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Alias: The Box, Part 1

Sydney: "I can't believe, of all things, we're saving SD-6."

Poor Sydney has had it up to here, and as much as she wants out, she knows she can't do it.

This was the ultimate in father/daughter bonding activities – and, ironically, in the service of SD-6. What a team Jack and Sydney made. And they really do have a bond now, no matter how far they still have to go.

Quentin Tarantino, as his usual oblique, hyper self, was very believable here as a crazed, former SD-6 spy. Ron Rifkin was also just fabulous; he always gives Sloane such tremendous depth. And Victor Garber's Jack continues to be my favorite character. Poor Jack! Now he knows that his wife was KGB, and assigned to marry him. How nuts is that?

There was lots of Will in this episode, as he started considering dropping the SD-6 story. Hey, Will – I'm sure it's too late: should have done it a long time ago. I thought it was Jack who was playing with Will to keep him from going public with the story, but Jack was in the elevator with Sydney when Will got the call in the bathroom. So who the hell is calling Will? And now that he's met McNeil's daughter, what is he going to do?

The "your mom killing my dad" thing was definitely a major issue for Sydney and prospective honey, Vaughn. The shrink development was a LOT of fun. We got to see a new side of Vaughn, too, when he went after Haladki, who is clearly a threat to Vaughn's relationship, such as it is, with Sydney.

This week's cliffhanger: Sydney was left literally hanging this time.

Bits and pieces:

— Sydney and Vaughn, first hug! And Sydney asking Vaughn out on a date? Going to a hockey game?

— More about Sloane's wife being sick, although we still haven't seen her.

— Two new characters were introduced in this episode: the toad-like CIA agent Haladki, and Dr. Barnett. ("Did you purchase a Christmas present for Agent Bristow?")

— This was also the first episode that mentioned "The Man."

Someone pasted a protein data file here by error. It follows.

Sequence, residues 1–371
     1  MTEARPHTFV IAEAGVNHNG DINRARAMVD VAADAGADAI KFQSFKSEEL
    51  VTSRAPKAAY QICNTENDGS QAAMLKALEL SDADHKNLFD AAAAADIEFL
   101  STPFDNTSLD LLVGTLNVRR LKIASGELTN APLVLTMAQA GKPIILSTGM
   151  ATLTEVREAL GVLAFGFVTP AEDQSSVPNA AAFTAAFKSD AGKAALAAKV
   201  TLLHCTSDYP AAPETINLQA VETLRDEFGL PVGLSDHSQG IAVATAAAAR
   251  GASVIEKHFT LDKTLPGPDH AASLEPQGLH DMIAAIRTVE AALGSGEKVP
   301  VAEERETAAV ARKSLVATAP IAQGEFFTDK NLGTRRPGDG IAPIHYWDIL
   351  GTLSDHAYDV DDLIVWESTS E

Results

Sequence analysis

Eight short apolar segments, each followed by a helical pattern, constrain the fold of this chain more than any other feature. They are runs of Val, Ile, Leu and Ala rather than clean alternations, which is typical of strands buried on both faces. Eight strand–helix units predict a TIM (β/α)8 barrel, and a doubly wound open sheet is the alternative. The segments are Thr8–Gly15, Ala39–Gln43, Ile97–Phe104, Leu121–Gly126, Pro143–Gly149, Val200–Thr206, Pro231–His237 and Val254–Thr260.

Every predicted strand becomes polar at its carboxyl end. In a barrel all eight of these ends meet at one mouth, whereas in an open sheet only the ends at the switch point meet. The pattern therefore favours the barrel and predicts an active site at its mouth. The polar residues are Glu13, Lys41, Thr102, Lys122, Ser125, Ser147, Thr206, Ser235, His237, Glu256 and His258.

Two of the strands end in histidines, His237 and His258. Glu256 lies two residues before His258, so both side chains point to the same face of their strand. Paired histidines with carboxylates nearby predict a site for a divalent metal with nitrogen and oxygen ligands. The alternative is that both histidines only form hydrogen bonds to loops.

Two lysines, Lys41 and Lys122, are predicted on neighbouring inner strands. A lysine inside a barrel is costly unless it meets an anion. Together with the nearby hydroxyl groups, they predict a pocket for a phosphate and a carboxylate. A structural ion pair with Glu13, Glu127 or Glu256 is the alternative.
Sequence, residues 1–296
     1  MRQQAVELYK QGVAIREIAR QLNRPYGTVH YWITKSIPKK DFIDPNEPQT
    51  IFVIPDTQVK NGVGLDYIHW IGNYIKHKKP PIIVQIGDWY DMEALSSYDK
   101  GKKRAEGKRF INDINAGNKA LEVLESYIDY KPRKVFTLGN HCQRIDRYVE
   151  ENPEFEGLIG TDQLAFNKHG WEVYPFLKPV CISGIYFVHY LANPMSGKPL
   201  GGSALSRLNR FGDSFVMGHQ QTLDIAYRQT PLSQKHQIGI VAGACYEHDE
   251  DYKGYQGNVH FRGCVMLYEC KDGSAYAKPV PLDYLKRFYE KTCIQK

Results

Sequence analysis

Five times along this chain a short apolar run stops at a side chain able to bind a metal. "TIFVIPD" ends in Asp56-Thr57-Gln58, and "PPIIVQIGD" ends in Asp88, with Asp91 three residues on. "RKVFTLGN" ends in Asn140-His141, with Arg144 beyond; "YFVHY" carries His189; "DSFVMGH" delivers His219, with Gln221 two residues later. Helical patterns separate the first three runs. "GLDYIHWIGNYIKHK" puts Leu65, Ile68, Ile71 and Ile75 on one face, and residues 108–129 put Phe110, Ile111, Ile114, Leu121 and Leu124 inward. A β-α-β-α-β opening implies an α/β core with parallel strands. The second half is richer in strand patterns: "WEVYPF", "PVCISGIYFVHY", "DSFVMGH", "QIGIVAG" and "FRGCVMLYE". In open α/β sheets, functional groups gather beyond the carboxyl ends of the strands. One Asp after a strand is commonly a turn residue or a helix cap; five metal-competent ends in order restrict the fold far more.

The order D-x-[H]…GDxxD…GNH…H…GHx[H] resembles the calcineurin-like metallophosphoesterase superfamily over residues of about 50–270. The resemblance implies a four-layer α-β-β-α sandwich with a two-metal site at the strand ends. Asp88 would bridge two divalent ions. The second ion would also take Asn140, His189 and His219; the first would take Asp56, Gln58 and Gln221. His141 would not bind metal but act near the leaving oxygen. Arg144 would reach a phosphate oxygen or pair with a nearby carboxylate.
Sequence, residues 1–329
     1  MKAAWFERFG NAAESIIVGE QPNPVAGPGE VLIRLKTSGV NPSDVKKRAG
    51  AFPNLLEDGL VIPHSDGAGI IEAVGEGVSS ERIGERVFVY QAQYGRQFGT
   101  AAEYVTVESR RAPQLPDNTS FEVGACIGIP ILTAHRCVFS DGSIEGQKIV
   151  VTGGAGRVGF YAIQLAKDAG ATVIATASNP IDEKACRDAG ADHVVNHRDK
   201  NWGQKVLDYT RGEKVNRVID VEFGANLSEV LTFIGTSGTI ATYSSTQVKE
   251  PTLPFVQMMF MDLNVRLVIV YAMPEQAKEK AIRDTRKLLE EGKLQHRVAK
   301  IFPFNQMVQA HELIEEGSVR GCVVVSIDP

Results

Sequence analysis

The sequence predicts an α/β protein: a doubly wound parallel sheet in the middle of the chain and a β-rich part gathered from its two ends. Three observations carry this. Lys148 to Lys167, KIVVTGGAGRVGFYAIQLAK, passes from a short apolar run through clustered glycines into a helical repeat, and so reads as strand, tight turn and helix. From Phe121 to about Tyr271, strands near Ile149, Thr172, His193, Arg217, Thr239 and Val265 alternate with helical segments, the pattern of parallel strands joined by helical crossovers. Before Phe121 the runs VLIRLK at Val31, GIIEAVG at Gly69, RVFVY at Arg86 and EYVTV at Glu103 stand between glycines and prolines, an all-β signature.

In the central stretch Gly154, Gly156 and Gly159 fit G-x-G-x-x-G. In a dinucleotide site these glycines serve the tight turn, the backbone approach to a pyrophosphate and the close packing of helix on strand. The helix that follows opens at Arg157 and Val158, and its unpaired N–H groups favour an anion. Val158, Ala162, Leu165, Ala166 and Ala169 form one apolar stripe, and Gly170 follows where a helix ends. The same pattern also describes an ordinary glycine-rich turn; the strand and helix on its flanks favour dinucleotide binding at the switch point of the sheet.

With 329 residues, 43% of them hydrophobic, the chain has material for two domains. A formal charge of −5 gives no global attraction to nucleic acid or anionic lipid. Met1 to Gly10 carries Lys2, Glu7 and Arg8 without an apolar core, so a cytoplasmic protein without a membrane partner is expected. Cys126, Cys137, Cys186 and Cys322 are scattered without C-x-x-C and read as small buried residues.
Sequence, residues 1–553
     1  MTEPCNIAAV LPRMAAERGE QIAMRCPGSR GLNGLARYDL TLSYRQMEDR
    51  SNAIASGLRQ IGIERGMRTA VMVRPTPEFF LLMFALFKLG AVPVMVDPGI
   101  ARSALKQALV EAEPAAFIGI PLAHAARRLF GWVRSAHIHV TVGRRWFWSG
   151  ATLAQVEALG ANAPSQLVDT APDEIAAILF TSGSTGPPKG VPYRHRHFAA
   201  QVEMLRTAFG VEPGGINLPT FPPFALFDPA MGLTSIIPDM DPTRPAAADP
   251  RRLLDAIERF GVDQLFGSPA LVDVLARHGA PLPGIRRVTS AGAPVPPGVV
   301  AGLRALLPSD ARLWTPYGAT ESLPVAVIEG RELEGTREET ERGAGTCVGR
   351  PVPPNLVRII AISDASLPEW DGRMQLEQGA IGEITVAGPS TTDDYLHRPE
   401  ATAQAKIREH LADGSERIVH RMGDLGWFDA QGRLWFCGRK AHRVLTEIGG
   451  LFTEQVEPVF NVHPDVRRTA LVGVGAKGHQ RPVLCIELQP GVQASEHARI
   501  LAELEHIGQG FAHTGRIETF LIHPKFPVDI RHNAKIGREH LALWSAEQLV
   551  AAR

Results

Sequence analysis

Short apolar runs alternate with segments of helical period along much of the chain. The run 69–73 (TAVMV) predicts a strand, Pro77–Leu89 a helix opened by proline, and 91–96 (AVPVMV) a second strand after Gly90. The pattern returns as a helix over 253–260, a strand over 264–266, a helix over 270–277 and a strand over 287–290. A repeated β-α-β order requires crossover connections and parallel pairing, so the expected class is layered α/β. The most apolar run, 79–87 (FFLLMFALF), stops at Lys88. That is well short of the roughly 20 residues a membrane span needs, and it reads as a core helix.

— There are 50 agents at SD-6? That's the number Sydney mentioned.

— Really loved the shot of Sydney and Jack on top of the elevator.

— Sloane to Cole: "I can't be the first person to have difficulty taking you seriously, can I?" Balls of steel, Arvin, balls of steel. Dixon and Marshall also showed some serious bravery here.

— This week's itinerary: Mostly the air ducts and the Conversation Room in SD-6.

Three out of four spies,

Billie Doux loves good television and spends way too much time writing about it.


  1. Quentin Tarantino! I'd forgotten he was in this, but then I remembered the...wait for it...shut your eyes...hold your babies close...


    All that build-up, so little screaming. Tarantino perfectly expressed McKenas Cole's misshapen self-image and deluded sense of his own awesomeness: so bad they made him regret the day he was born? Yeah, but Sloane didn't even bat an eye. No wonder Sloane left Cole to die in Chechnya: he's a wimp with a predilection for black suits and skinny ties.

    On the Sydney/Jack front, this was a good episode, too. Not just because they got a chance to work together without having the time to think about the family drama, but also because Sydney needs some time to step away from her problems and realize the importance of what she's doing. No epic exit for her, at least not right now. She's too much in it to just walk away.

    In this week's parallel structure report: both Sydney and Will tried to opt-out, and both got roped back in.

  2. The van in the parking garage was labeled "McTiernan Air Conditioning." John McTiernan directed Die Hard. I can't believe I missed that. Maybe I hadn't seen Die Hard in 2002. :)

    Yes, I'm doing a rewatch, too.

  3. First hug. Sigh...

    Love Sydney and Jack working together. They make quite a team.

  4. Love love love Quentin! He was creepy and entertaining at the same time. And, despite being evil, Sloane was very cool. I actually admired him here. Just a little.

    My favorite part of the episode though, was when Sydney went up into the ducts. Jack placed his hand on the outside of the duct as if to touch her and say he loves her. He's turning out to be a really good dad.


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